Scalable synthesis via numerical relaxation.
[ML4P'18, IJCAI'19]
Inspired by the fact that numerical relaxation technique is widely used and remarkably successful in optimization problems, this work proposes a numerical relaxation technique for logic programs, which is fundamentally different from traditional search based approaches. This work demonstrates that gradientbased and stochastic approaches can be used to learn logic programs very efficiently.
Deep learning sparks a remarkable revolution in many challenging fields of science and engineering. Deep learning combined with reinforcement learning significantly outperforms human experts on video and board games by directly learning from raw pixels and selfplay. However, can this technique help to solve programming challenges? My thesis work aims to answer this very question, which involves addressing two fundamental AI challenges: representation learning of structured data with rich semantics, and the interplay between neural networks and symbolic reasoning.
 Program verification by deep reinforcement learning. [NeurIPS'18]
This work concerns attacking the fundamental challenge of automated software verification, which is finding a strong enough loop invariant for a given loop. We develop an endtoend learning framework, Code2Inv, which takes a piece of code as input, then automatically learns and improves a neural policy by interacting with a checker, and finally produces an invariant so that the verification can be done successfully. To achive so, we prose a novel representation learning technique for programs so that the semantics (rather than syntax) can be captured by neural networks, and two reward mechansims so that reinforcement learning could make progress from extremely sparse reward.  Metalearning on synthesis. [ICLR'19]
This work investigates the capability of deep learning and reinforcement learning in a much broader domain, namely syntax guided program synthesis (SyGuS), where each synthesis task has its own domain specific language, making manually designing heuristics for each task prohibitive. This also makes learning across different tasks extremely difficult as generalizing across different languages (i.e. learn from one language and then test on a different language) is near the limit of machine learning and has been rarely explored so far. Our attempt in this metalearning direction and demonstrates quite promising results — the learned neural representation as well as policy can be transferred to (i.e. help to accelerate) synthesis tasks that use similar but different grammars.  Learningaided reasoning.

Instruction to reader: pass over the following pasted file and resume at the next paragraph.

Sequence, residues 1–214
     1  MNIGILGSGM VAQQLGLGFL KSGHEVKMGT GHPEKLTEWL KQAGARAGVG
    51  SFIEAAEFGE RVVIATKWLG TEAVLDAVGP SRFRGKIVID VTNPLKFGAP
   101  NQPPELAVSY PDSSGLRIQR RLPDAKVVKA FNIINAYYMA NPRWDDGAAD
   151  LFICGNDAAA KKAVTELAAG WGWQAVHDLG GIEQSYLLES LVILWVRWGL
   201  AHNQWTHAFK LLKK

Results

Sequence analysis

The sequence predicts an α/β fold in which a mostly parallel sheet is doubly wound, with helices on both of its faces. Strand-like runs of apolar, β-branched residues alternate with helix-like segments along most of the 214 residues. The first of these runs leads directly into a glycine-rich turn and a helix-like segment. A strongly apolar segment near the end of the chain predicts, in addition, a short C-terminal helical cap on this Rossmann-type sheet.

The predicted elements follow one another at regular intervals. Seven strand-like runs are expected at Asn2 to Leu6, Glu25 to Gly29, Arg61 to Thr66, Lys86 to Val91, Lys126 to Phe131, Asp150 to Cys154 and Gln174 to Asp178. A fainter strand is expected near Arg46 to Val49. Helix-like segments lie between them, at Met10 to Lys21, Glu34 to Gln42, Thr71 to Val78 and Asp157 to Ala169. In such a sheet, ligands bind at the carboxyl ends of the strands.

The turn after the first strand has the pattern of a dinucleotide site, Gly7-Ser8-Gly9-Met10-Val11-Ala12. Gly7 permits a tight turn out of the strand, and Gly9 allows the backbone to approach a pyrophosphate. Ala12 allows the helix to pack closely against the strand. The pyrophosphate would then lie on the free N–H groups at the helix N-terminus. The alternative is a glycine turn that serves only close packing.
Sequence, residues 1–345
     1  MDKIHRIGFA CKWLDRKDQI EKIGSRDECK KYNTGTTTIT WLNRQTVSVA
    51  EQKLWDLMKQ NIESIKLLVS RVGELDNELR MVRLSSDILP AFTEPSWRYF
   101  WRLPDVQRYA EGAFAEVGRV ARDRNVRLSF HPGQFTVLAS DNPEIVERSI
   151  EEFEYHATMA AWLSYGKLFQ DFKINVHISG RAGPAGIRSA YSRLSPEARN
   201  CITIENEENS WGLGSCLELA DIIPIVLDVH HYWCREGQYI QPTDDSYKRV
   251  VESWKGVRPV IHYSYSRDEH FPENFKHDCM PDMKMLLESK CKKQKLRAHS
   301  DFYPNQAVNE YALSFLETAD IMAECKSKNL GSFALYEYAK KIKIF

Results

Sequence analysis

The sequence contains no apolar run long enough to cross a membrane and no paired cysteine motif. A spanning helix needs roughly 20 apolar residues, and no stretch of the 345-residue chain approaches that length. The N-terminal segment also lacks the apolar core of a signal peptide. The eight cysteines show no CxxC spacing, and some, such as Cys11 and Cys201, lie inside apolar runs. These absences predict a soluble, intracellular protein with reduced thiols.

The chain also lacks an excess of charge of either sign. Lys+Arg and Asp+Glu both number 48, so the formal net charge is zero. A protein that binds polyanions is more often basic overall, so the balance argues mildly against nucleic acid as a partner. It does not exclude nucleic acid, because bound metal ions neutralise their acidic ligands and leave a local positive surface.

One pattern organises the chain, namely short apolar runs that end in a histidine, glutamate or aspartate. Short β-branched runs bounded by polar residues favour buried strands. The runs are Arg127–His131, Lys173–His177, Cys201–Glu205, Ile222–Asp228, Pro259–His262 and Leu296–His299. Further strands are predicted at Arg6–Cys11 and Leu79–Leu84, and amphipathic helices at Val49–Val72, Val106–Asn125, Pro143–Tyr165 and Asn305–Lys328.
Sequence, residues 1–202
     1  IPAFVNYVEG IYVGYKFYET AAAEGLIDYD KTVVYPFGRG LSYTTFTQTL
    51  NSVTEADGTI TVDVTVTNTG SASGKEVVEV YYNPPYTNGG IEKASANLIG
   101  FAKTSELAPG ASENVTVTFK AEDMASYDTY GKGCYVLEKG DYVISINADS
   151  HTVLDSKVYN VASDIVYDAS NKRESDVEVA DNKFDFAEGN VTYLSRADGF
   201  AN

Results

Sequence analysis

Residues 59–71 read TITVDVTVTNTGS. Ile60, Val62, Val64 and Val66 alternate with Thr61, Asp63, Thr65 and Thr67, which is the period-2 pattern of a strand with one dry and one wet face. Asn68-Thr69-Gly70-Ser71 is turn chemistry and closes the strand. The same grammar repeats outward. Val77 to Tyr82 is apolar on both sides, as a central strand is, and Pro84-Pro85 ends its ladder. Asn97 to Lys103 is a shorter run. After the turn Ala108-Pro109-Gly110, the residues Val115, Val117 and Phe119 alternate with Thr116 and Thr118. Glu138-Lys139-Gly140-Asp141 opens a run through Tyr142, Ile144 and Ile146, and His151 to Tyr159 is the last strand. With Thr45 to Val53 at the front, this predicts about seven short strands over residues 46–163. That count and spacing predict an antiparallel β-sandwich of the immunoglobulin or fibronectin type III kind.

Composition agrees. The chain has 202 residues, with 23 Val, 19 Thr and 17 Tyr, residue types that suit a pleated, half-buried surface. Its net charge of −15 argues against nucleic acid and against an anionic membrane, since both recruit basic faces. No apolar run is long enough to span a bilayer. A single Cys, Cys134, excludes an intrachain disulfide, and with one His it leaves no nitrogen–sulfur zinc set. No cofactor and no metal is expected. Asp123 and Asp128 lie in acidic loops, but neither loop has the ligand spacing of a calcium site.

Though endtoend learning has significant potential as shown by my recent research, it is impractical to replace classic approaches with endtoend learning for various reasons including interpretability, training difficulty, and perhaps more importantly data inefficiency. Instead, deep learning should be integrated with classic approaches so that there is no need to learn everything from scratch. I envision that the future program reasoning techniques and the underlying constraint solving techniques (e.g. SAT, SMT) will be equipped with a learning component, which can be automatically and continuously improved. One of my ongoing work is introducing learningbased techniques into the stateoftheart software verification and testing tool chain such as SeaHorn and KLEE.
Publications

Synthesizing Datalog Programs using Numerical Relaxation.
Xujie Si, Mukund Raghothaman, Kihong Heo, Mayur Naik
IJCAI 2019 [paper, slides, poster, artifact]

Learning a MetaSolver for SyntaxGuided Program Synthesis.
Xujie Si, Yuan Yang, Hanjun Dai, Mayur Naik, Le Song
ICLR 2019 [paper, poster, artifact]

Continuously Reasoning about Programs via Differential Bayesian Inference.
Kihong Heo, Mukund Raghothaman, Xujie Si, Mayur Naik
PLDI 2019 [paper, slides, artifact, video abstract ]
ACM SIGPLAN Distinguished Paper Award

SyntaxGuided Synthesis of Datalog Programs.
Xujie Si, Woosuk Lee, Richard Zhang, Aws Albarghouthi, Paris Koutris, Mayur Naik
FSE 2018 [paper, slides, artifact]

Learning Loop Invariants for Program Verification.
Xujie Si, Hanjun Dai, Mukund Raghothaman, Mayur Naik, Le Song
NeurIPS 2018 [paper, slides, poster, artifact, video abstract]
Spotlight

Difflog: Beyond Deductive Methods in Program Analysis
Mukund Raghothaman, Sulekha Kulkarni, Richard Zhang, Xujie Si, Kihong Heo, Woosuk Lee, Mayur Naik
Machine Learning for Programming Workshop 2018 [paper] 
Maximum Satisfiability in Software Analysis: Applications and Techniques
Mayur Naik, Xujie Si, Xin Zhang, Radu Grigore
VMCAI Invited Tutorial 2018 [abstract, slides]

Effective Interactive Resolution of Static Analysis Alarms
Xin Zhang, Radu Grigore, Xujie Si, Mayur Naik
OOPSLA 2017 [paper] 
Maximum Satisfiability in Software Analysis: Applications and Techniques
Xujie Si, Xin Zhang, Radu Grigore, Mayur Naik
CAV 2017 [paper, slides]
Invited Tutorial

Combining the Logical and the Probabilistic in Program Analysis
Xin Zhang, Xujie Si, Mayur Naik
ACM SIGPLAN Workshop on Machine Learning and Programming Languages 2017
[paper, slides] 
APISan: Sanitizing API Usages through Semantic Crosschecking
Insu Yun, Changwoo Min, Xujie Si, Yeongjin Jang, Taesoo Kim, Mayur Naik
USENIX Security 2016 [paper, slides, code]
CSAW Best Applied Research Paper Finalist

On Incremental CoreGuided MaxSAT Solving
Xujie Si, Xin Zhang, Vasco Manquinho, Mikolas Janota, Alexey Ignatiev, Mayur Naik
CP 2016 [paper, slides, code]
Service

ICFP'19, CAV'19, CAV'20, Artifact Evaluation Committee

PLDI'18, '19, Student Volunteer CoChair

POPL'16, Student Volunteer